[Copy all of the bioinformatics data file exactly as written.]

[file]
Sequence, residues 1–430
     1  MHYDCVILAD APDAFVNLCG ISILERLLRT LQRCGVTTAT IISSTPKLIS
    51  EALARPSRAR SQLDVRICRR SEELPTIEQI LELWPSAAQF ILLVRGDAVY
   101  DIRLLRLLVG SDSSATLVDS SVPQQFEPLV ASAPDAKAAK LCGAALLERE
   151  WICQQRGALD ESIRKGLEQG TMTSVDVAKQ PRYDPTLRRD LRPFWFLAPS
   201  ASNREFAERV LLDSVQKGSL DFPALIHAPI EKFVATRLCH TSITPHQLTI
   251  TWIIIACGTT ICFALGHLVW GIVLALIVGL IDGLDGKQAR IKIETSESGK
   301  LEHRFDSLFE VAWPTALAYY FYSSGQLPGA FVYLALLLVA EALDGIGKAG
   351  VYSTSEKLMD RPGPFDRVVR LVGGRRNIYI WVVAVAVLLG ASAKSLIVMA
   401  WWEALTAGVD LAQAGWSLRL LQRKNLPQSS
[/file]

Sequence, residues 1–430
     1  MHYDCVILAD APDAFVNLCG ISILERLLRT LQRCGVTTAT IISSTPKLIS
    51  EALARPSRAR SQLDVRICRR SEELPTIEQI LELWPSAAQF ILLVRGDAVY
   101  DIRLLRLLVG SDSSATLVDS SVPQQFEPLV ASAPDAKAAK LCGAALLERE
   151  WICQQRGALD ESIRKGLEQG TMTSVDVAKQ PRYDPTLRRD LRPFWFLAPS
   201  ASNREFAERV LLDSVQKGSL DFPALIHAPI EKFVATRLCH TSITPHQLTI
   251  TWIIIACGTT ICFALGHLVW GIVLALIVGL IDGLDGKQAR IKIETSESGK
   301  LEHRFDSLFE VAWPTALAYY FYSSGQLPGA FVYLALLLVA EALDGIGKAG
   351  VYSTSEKLMD RPGPFDRVVR LVGGRRNIYI WVVAVAVLLG ASAKSLIVMA
   401  WWEALTAGVD LAQAGWSLRL LQRKNLPQSS